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    Solar Supply Chain Grows More Opaque Amid Human Rights Concerns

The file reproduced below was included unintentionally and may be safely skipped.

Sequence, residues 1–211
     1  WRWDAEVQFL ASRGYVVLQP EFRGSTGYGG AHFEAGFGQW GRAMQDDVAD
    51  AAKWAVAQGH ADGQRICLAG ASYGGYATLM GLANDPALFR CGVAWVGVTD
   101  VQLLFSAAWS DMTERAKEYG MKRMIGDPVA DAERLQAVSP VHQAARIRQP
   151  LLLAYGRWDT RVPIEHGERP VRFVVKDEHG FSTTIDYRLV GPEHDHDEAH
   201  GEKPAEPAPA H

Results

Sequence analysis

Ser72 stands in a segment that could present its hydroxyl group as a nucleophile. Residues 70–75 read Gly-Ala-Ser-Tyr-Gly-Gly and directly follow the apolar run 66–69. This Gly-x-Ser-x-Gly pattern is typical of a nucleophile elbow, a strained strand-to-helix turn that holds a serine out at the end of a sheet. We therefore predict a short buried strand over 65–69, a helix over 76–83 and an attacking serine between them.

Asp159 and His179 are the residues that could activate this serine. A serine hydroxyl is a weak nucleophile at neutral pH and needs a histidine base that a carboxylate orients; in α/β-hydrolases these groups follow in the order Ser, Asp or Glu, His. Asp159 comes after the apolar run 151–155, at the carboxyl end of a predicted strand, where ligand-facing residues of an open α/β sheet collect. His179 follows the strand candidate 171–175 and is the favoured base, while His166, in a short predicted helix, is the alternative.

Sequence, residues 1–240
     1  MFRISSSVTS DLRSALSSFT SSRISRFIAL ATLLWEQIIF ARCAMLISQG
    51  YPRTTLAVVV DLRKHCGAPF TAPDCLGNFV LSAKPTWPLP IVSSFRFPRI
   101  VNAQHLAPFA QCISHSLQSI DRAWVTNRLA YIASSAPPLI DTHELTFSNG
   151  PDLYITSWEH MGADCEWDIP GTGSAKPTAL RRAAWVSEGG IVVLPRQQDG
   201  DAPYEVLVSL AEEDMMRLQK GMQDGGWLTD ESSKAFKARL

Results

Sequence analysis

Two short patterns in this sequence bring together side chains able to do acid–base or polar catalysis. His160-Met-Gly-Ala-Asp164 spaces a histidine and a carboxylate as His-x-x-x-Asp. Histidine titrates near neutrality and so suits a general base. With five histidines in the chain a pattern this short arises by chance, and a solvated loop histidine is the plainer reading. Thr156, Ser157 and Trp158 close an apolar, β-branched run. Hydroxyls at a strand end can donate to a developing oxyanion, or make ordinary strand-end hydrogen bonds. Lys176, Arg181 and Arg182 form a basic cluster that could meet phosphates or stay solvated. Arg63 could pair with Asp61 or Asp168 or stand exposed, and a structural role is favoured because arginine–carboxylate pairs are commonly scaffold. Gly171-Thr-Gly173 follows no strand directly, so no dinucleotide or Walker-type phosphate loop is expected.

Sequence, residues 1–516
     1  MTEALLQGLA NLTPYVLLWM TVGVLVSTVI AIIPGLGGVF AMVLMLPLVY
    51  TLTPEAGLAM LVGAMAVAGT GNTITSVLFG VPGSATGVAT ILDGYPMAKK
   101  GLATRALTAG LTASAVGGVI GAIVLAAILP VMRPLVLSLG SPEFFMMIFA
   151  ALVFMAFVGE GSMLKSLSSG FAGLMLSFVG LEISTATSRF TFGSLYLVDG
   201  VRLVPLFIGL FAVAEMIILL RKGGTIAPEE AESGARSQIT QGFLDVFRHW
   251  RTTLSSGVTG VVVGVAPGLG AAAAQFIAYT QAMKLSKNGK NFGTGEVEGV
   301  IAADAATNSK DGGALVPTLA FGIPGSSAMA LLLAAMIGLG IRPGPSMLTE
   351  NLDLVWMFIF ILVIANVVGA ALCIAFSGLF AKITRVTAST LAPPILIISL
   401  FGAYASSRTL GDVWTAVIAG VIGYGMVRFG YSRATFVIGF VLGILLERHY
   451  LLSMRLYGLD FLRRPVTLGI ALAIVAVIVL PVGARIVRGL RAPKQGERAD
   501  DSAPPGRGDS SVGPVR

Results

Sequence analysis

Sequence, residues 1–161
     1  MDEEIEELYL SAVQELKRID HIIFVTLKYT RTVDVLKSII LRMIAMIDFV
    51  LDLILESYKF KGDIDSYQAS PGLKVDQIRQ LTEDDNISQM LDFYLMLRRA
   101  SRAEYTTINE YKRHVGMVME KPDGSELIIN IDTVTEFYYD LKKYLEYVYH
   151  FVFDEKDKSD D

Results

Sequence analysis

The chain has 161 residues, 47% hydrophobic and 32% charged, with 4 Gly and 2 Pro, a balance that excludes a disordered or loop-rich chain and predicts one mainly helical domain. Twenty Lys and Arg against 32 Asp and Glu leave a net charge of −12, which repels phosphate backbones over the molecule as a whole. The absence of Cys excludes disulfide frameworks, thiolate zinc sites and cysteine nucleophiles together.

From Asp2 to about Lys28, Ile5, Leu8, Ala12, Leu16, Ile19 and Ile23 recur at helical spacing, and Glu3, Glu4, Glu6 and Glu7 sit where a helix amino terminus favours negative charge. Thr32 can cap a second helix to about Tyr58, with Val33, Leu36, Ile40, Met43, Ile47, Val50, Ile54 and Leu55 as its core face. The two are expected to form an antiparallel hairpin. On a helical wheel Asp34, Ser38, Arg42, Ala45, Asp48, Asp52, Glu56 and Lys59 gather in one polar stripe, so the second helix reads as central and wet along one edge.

The global industry is cutting some ties to China, but its exposure to forced labor remains high and companies are less transparent, a new report found.Global supply chains for solar panels have begun shifting away from a heavy reliance on China, in part because of a recent ban on products from Xinjiang, a region where the U.S. government and United Nations accuse the Chinese government of committing human rights violations.But a new report by experts in human rights and the solar industry found that the vast majority of solar panels made globally continue to have significant exposure to China and Xinjiang.The report, released Tuesday, also faulted the solar industry for becoming less transparent about the origin of its products. That has made it more difficult for buyers to determine whether solar panels purchased to power homes and electricity grids were made without forced labor.The analysis was done by Alan Crawford, a solar industry analyst, and Laura T. Murphy, a professor of human rights and contemporary slavery at Sheffield Hallam University in England, along with researchers who chose to remain anonymous for fear of retribution from the Chinese government. The London-based Modern Slavery and Human Rights Policy and Evidence Center provided funding.The solar industry has come under stiff criticism in recent years for its ties to Xinjiang, which is a key provider of polysilicon, the material from which solar panels are made. The region produces roughly a third of both the world’s polysilicon and its metallurgical-grade silicon, the material from which polysilicon is made.As a result, many firms have promised to scrutinize their supply chains, and several have set up factories in the United States or Southeast Asia to supply Western markets.The Solar Energy Industries Association, the industry’s biggest trade association, has been calling on companies to shift their supply chains and cut ties with Xinjiang. More than 340 companies have signed a pledge to keep their supply chains free of forced labor.But the report found that major global companies remain likely to have extensive exposure to Xinjiang, and potentially to forced labor, calling into question the progress. The report rated the world’s five biggest solar manufacturers — all with headquarters in China — as having “high” or “very high” potential exposure to Xinjiang.Some Chinese companies, like LONGi Solar and JA Solar, have clear ties to suppliers operating in Xinjiang, the report said. But even within “clean” supply chains set up to serve the United States or Europe, many companies still appear to be getting raw materials from suppliers that have exposure to Xinjiang, Ms. Murphy said.In many cases, according to the information they issue publicly, companies aren’t buying enough materials from outside Xinjiang to meet their production goals, indicating that they may be using undisclosed suppliers. In other cases, companies sent Ms. Murphy information about their supply chains that was directly contradictory.“At every stage, there’s missing information,” she said.China’s dominance over the solar industry has presented a challenge for the United States and other countries, which are rushing to deploy solar panels to mitigate the impact of climate change. China controls at least 80 percent of global manufacturing for each stage of the supply chain.The Chinese government denies the presence of forced labor in the work programs it runs in Xinjiang, which transfer groups of locals to mines and factories. But human rights experts say those who refuse such programs can face detention or other punishments. A U.S. law that went into effect in June last year, the Uyghur Force Labor Prevention Act, assumes that any product with materials from Xinjiang is made with forced labor until proved otherwise.Since then, U.S. customs officials have detained $1.64 billion of imported products, including an unspecified volume of solar panels, to check them for compliance. Solar companies say the detentions have caused widespread delays in solar installations in the United States, putting the country’s energy transition at risk.As solar projects continue to ramp up for the energy transition, the concern is that materials and equipment with ties to forced labor could grow.Over the next decade or so, the solar industry projects it will regularly install double the amount it has in past years, with annual growth expected to average 11 percent. In the near term, the manufacturing capacity in the United States is sufficient to meet less than a third of national demand, according to Wood McKenzie, an energy research and consulting firm.In June, Walk Free, an international human rights group, released a report estimating that 50 million people globally lived under forced labor conditions in 2021, an increase of 10 million from 2016.The organization attributed part of that growth to the much-needed but rapid increase in renewable energy to address climate change. The organization said it supported the energy transition but wanted to stop forced labor as a source of products.“Find it, fix it and prevent it,” said Grace Forrest, founding director of Walk Free.One example in the new report is JinkoSolar, a Chinese-owned company that has done some of the most extensive work to establish a supply chain outside China, including factories in Vietnam, Malaysia and the United States. But the report found that the company’s apparent use of unidentified raw materials from China kept its potential exposure to Xinjiang high.In May, Homeland Security Investigations, an arm of the Department of Homeland Security, raided JinkoSolar’s factory in Jacksonville, Fla., and an office in San Francisco. The inquiry appears to be linked to multiple concerns, among them that JinkoSolar misrepresented the source of some imports containing materials from Xinjiang and incorrectly classified products, resulting in an incorrect duty rate, a person with knowledge of the investigation said.The solar industry has begun publishing less information about the origins of its supplies, making it more difficult for buyers to determine whether solar panels are made without forced labor.Tony Cenicola/The New York TimesA spokesperson for Homeland Security Investigations declined to comment, citing a continuing investigation.JinkoSolar said in a statement that, based on the information available to the company, any speculation that the investigation was tied to forced labor was “unfounded,” and that it had a longstanding commitment to transparency and compliance with U.S. law.The company has also called claims that it had high exposure to Xinjiang “baseless.” It said that it was confident in its supply chain traceability, that products for the U.S. market were made only with U.S. and German polysilicon and that U.S. customs officials have reviewed and released JinkoSolar products.The new report also raised questions about the supply chain for Hanwha Qcells, a South Korean company that has become one of the largest producers of solar panels made in the United States. In January, Qcells announced a $2.5 billion expansion of its Georgia operations that would make it the sole company producing all of its components — ingots, wafers, cells and finished panels — in the United States.Despite Qcells’ growing U.S. presence, the report concluded that the company’s potential exposure to Xinjiang was very high, since the company uses undisclosed suppliers in China for the vast majority of its products.The report also said a Chinese company, Meike Solar Technology, which gets raw material from Xinjiang, reported Qcells as one of its largest customers in the first half of 2022, though Qcells said it had cut off the supplier relationship in 2021.“Qcells has adopted a code of conduct that prohibits forced labor made products in our supply chain, and we terminate agreements if suppliers fail to comply,” the company said in a statement. As part of its strategy to guard against products from forced labor, Qcells said, it uses maps to trace product origins and verification audits to ensure its suppliers follow its code of conduct. The company said none of its North America products had been detained by customs officials.In a statement to the researchers, LONGi said that it always complied with the applicable laws and ethics in jurisdictions where it operated, and that polysilicon from Xinjiang was used in modules that were sold in China.JA Solar did not respond to a request for comment from the researchers or from The New York Times. Both LONGi and JA Solar have been planning to set up factories in the United States.Tax credits and other incentives for clean energy offered under the Inflation Reduction Act of 2022 have been unleashing new investments in the United States. On Friday, First Solar, a U.S.-based manufacturer, announced plans to invest up to $1.1 billion for a new U.S. factory at a location yet to be determined.But Michael Carr, executive director of Solar Energy Manufacturers for America, which represents U.S.-based solar manufacturers, said the United States had fallen so far behind China in solar manufacturing that an enormous amount of work, capital and technical knowledge would be needed to catch up.“It’s hard to have certainty — and some might say impossible to know — the sourcing of the polysilicon until you have a domestic supply of wafers and an alternative to China,” Mr. Carr said.Zolan Kanno-Youngs More